This is a great time to explore the longleaf pine forests of the Lowcountry. Orange-fringed orchids, hooded pitcher plants, Marshallia grandifolia and other fall wildflowers are blooming. Mosquitos are taking a break. Birds are beginning to migrate. The temperature is delightful. Things couldn’t be more perfect. The best place to admire these native forests — among the most biologically diverse and the most threatened in North America — is the Francis Marion National Forest.
Bo Petersen’s article from the Post and Courier explains that it’s also time to weigh in on the forest management plan, which the Forest Service is now revising. Over the past 25 years, with encouragement from the Conservation League, the Service has made laudable progress restoring this beautiful place, and has won a number of national awards for it. The good news is that the draft plan expands on that excellent work.
The single greatest threat to the forest and the rest of the region is the encroachment of urban development. Bordering the Francis Marion, Cainhoy Plantation, zoned by the city of Charleston for 19,000 houses on 9,000 acres, would set the stage for irresolvable conflicts between the use of “controlled burns,” for ecological and safety reasons, and daily lives of 40 – 50,000 new residents (not to mention 40-50,000 additional cars).
Cainhoy also threatens the viability of the BP plant, across the creek. For that reason, BP has sued the city over the development approval. We remain hopeful that the owners will agree to protect the most important parts of Cainhoy, and thereby preserve the economy, history and biological integrity of this remarkable area.
Although you can bicycle in the Francis Marion from McClellanville to Huger, you can’t bicycle the 3,000 foot bridge that links West Ashley and downtown Charleston, (unless you are supremely brave and determined, like CCL’s Katie Zimmerman). The city is trying to change that by dedicating one lane on the Ashley River Bridge to bikes and pedestrians. The Medical University’s Sandra Fowler and Terry Day lay out many of the reasons this is a good idea. The upcoming one month demonstration project will confirm whether, as predicted, the lane dedication costs drivers only 7 seconds in additional travel time, or whether that number is closer to, say, 20 seconds.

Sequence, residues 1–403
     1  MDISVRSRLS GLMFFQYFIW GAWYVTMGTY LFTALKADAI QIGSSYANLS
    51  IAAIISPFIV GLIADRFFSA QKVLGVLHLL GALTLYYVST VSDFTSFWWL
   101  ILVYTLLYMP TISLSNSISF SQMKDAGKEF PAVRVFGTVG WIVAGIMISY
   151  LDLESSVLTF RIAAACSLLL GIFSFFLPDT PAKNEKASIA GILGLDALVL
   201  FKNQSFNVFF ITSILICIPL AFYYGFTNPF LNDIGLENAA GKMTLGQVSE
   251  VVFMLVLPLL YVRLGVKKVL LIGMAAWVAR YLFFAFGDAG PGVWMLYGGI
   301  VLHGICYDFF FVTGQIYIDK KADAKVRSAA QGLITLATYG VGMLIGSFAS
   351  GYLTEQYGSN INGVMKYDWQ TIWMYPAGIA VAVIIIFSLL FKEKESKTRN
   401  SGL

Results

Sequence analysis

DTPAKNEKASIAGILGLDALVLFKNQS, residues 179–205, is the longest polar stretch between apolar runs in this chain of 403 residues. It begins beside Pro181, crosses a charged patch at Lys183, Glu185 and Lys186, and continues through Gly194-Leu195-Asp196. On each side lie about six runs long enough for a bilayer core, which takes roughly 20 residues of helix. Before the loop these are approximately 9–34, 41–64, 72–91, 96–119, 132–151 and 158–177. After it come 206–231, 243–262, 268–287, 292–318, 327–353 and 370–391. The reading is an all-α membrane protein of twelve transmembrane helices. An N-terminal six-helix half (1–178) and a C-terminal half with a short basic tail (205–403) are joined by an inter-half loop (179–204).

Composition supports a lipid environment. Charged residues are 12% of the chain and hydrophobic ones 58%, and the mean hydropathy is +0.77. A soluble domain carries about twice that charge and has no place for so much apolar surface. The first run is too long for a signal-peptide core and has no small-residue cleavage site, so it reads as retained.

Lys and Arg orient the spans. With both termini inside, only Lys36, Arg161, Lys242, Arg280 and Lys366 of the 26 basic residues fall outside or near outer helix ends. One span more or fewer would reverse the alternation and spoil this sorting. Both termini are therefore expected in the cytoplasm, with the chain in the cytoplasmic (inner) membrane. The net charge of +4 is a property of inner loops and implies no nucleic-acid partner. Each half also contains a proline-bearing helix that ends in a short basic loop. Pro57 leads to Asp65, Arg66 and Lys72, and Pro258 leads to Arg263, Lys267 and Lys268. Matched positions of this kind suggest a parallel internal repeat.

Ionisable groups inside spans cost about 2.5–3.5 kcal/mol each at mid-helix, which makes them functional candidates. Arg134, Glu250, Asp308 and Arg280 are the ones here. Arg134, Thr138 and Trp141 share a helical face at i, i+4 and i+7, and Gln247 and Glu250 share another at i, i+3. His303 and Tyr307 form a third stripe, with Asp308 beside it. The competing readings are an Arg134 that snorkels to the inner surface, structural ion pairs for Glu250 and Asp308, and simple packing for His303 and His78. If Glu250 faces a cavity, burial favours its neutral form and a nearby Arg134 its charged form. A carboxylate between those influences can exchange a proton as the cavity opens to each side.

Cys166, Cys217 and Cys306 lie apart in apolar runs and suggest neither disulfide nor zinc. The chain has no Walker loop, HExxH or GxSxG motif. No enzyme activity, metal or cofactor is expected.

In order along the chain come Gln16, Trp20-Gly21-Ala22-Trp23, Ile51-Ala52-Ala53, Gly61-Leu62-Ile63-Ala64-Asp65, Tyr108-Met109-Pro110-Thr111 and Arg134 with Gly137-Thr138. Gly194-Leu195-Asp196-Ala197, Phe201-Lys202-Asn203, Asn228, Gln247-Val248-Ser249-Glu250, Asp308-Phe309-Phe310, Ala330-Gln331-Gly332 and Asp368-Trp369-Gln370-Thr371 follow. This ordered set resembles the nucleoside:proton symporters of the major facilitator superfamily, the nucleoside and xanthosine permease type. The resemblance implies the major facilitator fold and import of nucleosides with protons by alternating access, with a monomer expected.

Lowcountry trees may be safe under the stewardship of the Forest Service, but, sadly, the exact opposite is the case with the S.C. Department of Transportation. This article from the Island Packet reveals that the DOT is preparing for Treemageddon Two on 35 miles of I-95 in Jasper County. According to the article, this section of road is known to some people as the “coffin corridor” because there have been, on average, 3 deaths annually over the past five years. (“Honey, would you like to take the coffin corridor down to Savannah?” “Sure, if we can stop at McDonald’s along the way.”)
This is the section of highway that the Legislature banned, four years ago, a speed enforcement camera operated by the town of Ridgeland, in spite of evidence that it had reduced speeding and saved lives.
So what can one make of all of this? It is unacceptable to use a camera to enforce speed limits, in spite of evidence that its deployment saved lives, but it is fine to spend $8 million dollars cutting trees down in the median, with no evidence that their removal will change anything except the scenery, or that there aren’t better options. This is the same DOT that is asking for an additional $1.4 billion annually, with nothing more than a promise that the money will be spent, for a change, on bona fide needs.
I hope you have enjoyed the beautiful weekend and now the welcomed rain.